Accelerated Mitochondrial Adenosine Diphosphate/Adenosine Triphosphate Transport Improves Hypertension-Induced Heart Disease
Background— Strong evidence suggests that mitochondrial malfunction, which leads to disturbed energy metabolism and stimulated apoptosis, is a linchpin in the induction and manifestation of cardiac failure. An adequate exchange of ATP and ADP over the inner mitochondrial membrane by the adenine nucleotide translocase (ANT) is thereby essential to guarantee the cellular energy supply.
Methods and Results— To explore the effect of an ameliorated mitochondrial ATP/ADP transportation on cardiac dysfunction, we generated transgenic rats overexpressing ANT1 in the heart (ANT rats) and crossed them with renin-overexpressing rats (REN rats) suffering from hypertension-induced cardiac insufficiency. Cardiac-specific ANT1 overexpression resulted in a higher ATP/ADP transportation and elevated activities of respiratory chain complexes. Increased ANT activity in double-transgenic (ANT/REN) animals did not influence excessive hypertension seen in REN rats. Hypertension-induced cardiac hypertrophy in the REN rats was prevented by parallel ANT1 overexpression, however, and left ventricular function remarkably improved. The ANT1 overexpression led to a reduction in fibrosis and an improvement in cardiac tissue architecture. Consequently, the survival rate of ANT/REN rats was enhanced. Further investigations into the cardioprotective mechanism of ANT1 overexpression revealed improved mitochondrial structure and function and significantly reduced apoptosis in ANT/REN rats, shown by lowered cytosolic/mitochondrial cytochrome c ratio, reduced caspase 3 level, and prevented DNA degradation.
Conclusions— Myocardial ANT1 overexpression protects against hypertension-induced cardiac pathology. Thus, the improvement in mitochondrial function may be a basic principle for new strategies in treating heart disease.
Received June 1, 2006; accepted November 7, 2006.
The adenine nucleotide translocase (ANT) is the only known carrier that facilitates the transport of ADP and ATP across the inner mitochondrial membrane.1 The dimeric ANT complex of rodents is nuclear encoded by 3 distinct genes (ANT1, ANT2, and ANT4) that are coexpressed in tissue-specific patterns.2,3 ANT1 is the predominant isoform in the heart. In addition to its role in linking mitochondrial energy production and cytosolic energy consumption, ANT is a binding partner of proapoptotic and antiapoptotic proteins,4 transcription factors,5 and cell-signaling proteins6 and thus is involved in the regulation of apoptosis and intracellular communication.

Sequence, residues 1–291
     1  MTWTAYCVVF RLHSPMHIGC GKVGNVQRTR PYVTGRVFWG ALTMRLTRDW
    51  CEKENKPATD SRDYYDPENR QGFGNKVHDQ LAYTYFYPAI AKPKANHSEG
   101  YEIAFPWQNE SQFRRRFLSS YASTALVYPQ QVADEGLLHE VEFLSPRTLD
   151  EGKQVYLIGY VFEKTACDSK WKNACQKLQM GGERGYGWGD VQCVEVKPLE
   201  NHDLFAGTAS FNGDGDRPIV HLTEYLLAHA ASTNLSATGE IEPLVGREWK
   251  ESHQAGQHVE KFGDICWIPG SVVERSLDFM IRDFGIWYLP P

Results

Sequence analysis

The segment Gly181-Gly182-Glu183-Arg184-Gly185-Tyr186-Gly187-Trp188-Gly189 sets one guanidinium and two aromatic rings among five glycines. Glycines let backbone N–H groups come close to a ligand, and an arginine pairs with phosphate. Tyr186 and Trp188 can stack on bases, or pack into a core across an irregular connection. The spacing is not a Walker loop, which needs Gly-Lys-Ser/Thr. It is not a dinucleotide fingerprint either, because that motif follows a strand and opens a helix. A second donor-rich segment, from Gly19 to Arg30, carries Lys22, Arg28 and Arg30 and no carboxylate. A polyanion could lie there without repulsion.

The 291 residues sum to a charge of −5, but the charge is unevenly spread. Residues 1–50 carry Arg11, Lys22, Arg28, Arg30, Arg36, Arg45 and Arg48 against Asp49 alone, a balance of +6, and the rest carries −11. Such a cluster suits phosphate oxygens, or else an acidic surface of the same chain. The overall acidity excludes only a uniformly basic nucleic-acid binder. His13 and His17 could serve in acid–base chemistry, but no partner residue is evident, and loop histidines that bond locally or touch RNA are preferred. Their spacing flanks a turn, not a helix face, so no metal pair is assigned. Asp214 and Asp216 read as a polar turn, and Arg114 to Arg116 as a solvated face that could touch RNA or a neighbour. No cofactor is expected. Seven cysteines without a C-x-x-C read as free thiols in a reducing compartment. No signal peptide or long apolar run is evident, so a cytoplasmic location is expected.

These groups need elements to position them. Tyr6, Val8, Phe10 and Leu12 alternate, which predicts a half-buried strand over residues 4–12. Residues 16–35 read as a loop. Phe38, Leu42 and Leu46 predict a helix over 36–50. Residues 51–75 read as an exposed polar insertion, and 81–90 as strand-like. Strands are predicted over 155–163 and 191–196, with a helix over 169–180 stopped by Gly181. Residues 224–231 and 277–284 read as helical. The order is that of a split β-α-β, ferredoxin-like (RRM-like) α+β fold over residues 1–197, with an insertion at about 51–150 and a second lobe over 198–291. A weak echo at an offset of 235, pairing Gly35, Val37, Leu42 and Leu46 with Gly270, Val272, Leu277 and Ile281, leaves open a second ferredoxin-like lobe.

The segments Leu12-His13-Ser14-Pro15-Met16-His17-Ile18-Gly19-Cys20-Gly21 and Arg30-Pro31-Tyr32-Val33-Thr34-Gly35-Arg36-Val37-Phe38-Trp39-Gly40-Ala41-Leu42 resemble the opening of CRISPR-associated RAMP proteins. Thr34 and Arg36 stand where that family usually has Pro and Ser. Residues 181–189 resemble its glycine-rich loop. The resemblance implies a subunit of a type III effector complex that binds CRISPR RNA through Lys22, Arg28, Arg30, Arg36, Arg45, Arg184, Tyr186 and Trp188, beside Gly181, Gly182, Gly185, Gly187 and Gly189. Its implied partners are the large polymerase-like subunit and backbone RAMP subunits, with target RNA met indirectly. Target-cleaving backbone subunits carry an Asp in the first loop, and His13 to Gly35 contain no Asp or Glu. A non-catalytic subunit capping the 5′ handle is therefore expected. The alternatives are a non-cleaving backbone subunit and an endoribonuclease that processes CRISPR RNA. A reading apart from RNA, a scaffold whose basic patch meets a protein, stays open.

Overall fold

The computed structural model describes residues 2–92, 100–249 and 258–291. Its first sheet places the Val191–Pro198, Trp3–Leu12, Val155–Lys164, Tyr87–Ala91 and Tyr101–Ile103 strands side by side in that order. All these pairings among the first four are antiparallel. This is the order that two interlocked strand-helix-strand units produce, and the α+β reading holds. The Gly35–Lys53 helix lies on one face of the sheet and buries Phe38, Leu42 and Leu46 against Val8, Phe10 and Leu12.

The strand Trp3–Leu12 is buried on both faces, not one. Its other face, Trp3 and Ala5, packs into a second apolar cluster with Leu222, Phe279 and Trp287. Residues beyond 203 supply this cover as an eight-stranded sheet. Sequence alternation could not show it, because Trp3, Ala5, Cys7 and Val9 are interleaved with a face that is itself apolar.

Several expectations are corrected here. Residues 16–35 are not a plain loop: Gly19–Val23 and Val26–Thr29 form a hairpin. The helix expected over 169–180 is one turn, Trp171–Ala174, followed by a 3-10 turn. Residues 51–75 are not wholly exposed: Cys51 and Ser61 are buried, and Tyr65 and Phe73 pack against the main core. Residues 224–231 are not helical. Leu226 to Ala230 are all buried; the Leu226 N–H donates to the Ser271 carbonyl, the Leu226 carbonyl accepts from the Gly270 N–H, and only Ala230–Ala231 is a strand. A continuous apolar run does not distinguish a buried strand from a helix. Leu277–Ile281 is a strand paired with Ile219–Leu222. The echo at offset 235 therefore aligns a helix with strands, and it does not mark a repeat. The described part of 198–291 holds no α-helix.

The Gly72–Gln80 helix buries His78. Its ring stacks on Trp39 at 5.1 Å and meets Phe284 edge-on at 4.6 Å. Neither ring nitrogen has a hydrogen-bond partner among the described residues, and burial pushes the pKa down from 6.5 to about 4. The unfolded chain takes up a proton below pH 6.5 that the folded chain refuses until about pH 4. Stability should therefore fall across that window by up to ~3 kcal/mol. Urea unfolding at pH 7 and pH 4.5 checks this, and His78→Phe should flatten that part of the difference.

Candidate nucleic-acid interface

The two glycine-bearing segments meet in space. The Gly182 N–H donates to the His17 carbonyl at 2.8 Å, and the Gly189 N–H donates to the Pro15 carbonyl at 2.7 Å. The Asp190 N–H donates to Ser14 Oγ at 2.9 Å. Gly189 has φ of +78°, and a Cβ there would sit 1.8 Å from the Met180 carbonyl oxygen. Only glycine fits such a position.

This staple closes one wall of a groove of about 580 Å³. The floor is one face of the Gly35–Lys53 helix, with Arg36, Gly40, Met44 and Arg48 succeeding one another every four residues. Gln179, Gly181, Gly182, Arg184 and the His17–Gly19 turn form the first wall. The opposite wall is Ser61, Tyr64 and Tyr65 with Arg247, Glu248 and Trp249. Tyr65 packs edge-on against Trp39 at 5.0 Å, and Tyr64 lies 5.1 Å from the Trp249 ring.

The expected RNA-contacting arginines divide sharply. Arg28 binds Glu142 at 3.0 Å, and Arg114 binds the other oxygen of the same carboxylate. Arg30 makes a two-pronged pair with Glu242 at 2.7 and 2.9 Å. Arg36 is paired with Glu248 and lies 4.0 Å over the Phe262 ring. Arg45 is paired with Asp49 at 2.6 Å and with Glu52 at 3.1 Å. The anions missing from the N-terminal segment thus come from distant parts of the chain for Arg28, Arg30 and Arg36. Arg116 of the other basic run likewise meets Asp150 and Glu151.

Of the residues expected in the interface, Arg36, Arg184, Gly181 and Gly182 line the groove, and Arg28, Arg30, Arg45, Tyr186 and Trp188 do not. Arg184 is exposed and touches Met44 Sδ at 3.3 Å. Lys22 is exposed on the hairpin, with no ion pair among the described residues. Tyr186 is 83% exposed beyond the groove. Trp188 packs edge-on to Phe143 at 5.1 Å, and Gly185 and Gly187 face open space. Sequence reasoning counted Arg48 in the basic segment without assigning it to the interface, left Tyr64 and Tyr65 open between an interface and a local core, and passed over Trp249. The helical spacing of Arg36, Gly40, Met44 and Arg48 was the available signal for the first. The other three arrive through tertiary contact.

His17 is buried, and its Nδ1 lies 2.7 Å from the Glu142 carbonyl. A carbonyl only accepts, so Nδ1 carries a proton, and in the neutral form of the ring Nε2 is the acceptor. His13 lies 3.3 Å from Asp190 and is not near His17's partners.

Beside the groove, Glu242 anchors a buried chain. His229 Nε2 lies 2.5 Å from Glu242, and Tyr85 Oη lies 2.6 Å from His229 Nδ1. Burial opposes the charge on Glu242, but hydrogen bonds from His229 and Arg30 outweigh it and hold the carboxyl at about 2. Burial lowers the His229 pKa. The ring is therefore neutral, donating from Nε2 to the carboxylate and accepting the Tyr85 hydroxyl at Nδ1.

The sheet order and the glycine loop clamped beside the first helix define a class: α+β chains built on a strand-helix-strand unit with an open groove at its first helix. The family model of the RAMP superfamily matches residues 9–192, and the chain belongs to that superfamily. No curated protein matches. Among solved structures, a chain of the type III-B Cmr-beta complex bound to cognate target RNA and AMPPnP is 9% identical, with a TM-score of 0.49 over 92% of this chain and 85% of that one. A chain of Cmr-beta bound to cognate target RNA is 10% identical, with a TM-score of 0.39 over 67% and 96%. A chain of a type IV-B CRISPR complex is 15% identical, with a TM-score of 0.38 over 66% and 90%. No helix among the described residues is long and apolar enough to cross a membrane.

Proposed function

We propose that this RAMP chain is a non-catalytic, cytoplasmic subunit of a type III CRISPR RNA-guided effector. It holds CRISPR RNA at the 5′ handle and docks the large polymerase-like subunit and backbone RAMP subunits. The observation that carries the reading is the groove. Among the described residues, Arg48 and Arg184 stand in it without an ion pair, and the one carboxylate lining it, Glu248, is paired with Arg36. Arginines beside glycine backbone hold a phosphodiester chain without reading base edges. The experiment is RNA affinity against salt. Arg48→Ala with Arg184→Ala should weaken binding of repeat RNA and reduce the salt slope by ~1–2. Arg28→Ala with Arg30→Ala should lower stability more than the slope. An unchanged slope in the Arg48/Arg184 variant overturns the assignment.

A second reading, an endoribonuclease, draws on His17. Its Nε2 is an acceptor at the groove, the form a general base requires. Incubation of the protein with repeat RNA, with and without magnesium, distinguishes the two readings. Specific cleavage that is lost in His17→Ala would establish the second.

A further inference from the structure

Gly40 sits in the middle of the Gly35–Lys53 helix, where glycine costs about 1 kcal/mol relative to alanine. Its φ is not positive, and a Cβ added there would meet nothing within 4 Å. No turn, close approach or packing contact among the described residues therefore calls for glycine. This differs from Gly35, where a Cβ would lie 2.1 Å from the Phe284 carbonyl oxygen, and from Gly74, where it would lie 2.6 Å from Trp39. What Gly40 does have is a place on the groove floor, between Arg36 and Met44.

Clinical Perspective p 344
Reduced ANT activity and altered ANT isoform expression are observed in human heart failure resulting from various causes7,8; thus, an ANT deficit appeared to contribute to the pathogenesis of myocardial remodeling and cardiac insufficiency. This is supported by the analysis of ANT1 knockout mice that showed characteristics of hypertrophic cardiomyopathy and mitochondrial myopathy.9 Consequently, an increase in the efficiency of ATP/ADP exchange by ANT1 overexpression may improve myocardial function in failing hearts, supporting the hypothesis that ANT elevation and activation are involved in a cardioprotective program to adapt to cardiac stress before profound myocardial damage occurs.10
To test this hypothesis, we generated transgenic rats specifically overexpressing ANT1 in the heart (ANT rats) and crossed them with the transgenic rat strain TGR(mREN2)27 harboring the murine Ren-2 gene.11 Renin is initially responsible for generating the vasoconstrictor angiotensin II from angiotensinogen, and its permanent overexpression leads to elevated angiotensin levels and consequently to fulminant hypertension combined with cardiac hypertrophy and malfunction.12
Generation of Transgenic Animals
All animal studies were performed according to national guidelines and approved by the institutional animal care committee. The transgenic rat strain with cardiac overexpression of rat ANT1 (TGRMHCrANT1 [ANT]) was developed using the rat α-myosin heavy chain promoter (αMHC; RATMYHAB2; gi:205560; 1 to 1040 bp).13 Rat ANT1 cDNA was amplified by polymerase chain reaction from reverse-transcribed cardiac rat RNA and subcloned into the multicloning site of pCRTM3 TA vector (Invitrogen, Karlsruhe, Germany). After removal of the cytomegalovirus promoter of the plasmid by restriction enzyme digestions, the rat αMHC promoter was inserted between KpnI and BamHI into the multiple cloning site of the vector. This generated recombinant plasmid pCR3pMHC-ratANT1 was digested to a 2.7-kb DNA fragment by HgaI restriction (Figure 1A), which was then microinjected into the pronuclei of single-cell fertilized rat embryos of the Sprague-Dawley background (bred inhouse) to generate transgenic rats.
ANT1 transgene integration has been proved by Southern blot analysis. For founder detection, 10 μg chromosomal DNA of the potential founders was digested with HindIII. To detect copy number, 5, 10, and 20 μg wild-type (WT) DNA (Sprague Dawley) were digested by EcoRI/HindIII. The HindIII fragment of pCR3pMHC-ratANT1 was labeled and used as a Southern probe as described before.14
RNase Protection Assay